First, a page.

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Long Island hospitals still rate low nationally in patient satisfaction

Nassau University Medical Center in East Meadow in

Nassau University Medical Center in East Meadow in 2011. Credit: Newsday / Alejandra Villa

Long Island hospitals, despite some improved scores, continue to rate among the lowest nationally in how satisfied patients are with their experience.

The federal Centers for Medicare & Medicaid Services tie 25 percent of hospitals' reimbursements to 10 questions that rate how well they score on patients' perception of their care. The questions include how patients rate the hospital overall, whether they would recommend the hospital, whether doctors and nurses communicated well with them, whether their pain was controlled, whether the area around their room was quiet at night and whether their rooms were clean.

Millions of dollars of reimbursements are at stake for Long Island hospitals. But in the latest data, released in December, none of 20 Long Island hospitals scored at or above the national average in all 10 questions and six were below the national average in all 10. This is though many Long Island hospitals rank average or better in the actual quality of care.

St. Francis Hospital in Flower Hill scored the best, with eight out of 10 measures at or above the national average. Nassau University Medical Center in East Meadow and Brookhaven Memorial Hospital Medical Center in East Patchogue had the lowest scores, below the national and state averages in all 10 questions.

Compared with the rest of the state, LI hospitals also scored poorly overall. And New York's averages are comparatively low. The state scored no better than fourth from the bottom compared to other states on any of the questions.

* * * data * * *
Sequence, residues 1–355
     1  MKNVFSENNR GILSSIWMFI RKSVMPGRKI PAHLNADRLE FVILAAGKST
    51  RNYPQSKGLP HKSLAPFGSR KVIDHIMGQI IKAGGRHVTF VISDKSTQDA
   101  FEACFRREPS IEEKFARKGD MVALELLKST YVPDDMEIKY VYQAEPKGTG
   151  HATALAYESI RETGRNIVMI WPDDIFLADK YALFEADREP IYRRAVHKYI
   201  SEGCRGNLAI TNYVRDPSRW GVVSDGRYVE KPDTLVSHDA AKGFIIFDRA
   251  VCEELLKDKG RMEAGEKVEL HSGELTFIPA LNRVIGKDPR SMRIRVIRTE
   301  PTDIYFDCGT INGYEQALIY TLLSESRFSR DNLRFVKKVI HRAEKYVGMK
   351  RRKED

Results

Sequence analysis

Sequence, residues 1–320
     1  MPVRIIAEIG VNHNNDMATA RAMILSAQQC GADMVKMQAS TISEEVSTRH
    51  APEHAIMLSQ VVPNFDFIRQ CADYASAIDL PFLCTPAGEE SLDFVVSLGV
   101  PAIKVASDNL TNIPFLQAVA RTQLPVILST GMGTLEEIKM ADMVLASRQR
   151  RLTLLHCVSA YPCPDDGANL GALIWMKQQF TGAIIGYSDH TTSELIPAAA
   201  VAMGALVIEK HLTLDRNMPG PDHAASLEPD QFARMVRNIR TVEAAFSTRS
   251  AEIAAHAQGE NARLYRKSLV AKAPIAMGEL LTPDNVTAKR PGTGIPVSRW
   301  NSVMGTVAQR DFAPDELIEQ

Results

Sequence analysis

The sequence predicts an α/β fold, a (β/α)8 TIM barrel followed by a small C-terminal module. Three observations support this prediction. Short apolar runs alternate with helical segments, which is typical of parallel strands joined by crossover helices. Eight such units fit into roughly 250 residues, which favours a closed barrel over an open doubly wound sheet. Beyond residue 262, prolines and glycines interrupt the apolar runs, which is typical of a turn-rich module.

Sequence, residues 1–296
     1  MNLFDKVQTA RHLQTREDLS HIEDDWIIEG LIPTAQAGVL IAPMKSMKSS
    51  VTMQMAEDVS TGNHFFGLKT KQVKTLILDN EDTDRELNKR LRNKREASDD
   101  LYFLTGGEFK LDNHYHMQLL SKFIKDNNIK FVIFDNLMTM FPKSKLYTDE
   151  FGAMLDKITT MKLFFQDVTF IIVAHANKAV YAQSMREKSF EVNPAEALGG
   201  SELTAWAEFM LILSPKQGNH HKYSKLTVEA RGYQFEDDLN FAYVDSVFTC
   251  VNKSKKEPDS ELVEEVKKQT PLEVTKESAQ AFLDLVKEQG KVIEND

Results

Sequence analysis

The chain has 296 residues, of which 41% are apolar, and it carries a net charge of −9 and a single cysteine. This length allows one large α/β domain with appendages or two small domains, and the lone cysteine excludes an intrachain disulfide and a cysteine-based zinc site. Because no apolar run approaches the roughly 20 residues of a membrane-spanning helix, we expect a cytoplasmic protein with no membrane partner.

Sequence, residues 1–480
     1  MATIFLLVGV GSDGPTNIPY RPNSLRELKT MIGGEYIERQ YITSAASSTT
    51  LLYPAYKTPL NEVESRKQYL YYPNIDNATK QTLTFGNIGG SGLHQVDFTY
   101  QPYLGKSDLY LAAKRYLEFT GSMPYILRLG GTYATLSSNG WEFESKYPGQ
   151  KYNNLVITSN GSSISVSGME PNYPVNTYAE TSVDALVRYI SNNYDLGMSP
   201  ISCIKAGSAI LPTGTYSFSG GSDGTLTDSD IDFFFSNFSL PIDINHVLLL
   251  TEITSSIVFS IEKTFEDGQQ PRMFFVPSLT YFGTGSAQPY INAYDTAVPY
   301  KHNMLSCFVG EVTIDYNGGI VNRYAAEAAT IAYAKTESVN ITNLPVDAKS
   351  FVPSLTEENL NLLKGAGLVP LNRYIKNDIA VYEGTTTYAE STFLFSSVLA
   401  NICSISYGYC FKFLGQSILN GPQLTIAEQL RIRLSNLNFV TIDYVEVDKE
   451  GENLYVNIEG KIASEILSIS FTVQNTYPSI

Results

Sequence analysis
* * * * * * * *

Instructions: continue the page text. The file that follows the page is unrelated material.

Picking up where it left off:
Yet only two LI hospitals were at or better than the state average in all 10 areas: St. Francis and John T. Mather Memorial Hospital in Port Jefferson.

That is not much different from two years ago when Newsday examined the data, although there have been improvements. Fourteen of the 20 hospitals showed higher scores in two key areas: how the patients rated the hospital overall; and whether they would recommend it. The problem is that national and state averages have risen, too.

"Obviously, all hospitals have an eye on patient satisfaction, so it's more challenging to maintain your standing," said Nancy Uzo, Mather's vice president of public affairs.

Hospital officials are at a loss to explain why it has been so difficult to move the needle more.

"It's not like they're not trying to address it," said Kevin Dahill, chief executive of the Nassau-Suffolk Hospital Council. "They know where the issues are."

Older buildings blamed

Dahill speculates that older buildings play a role in overall perceptions.

"You still have some hospitals with four beds to a room," he said. "I would argue we have more outdated facilities compared to the national level. If you room with another person, chances are staff is going to come in and the noise level is going to be higher."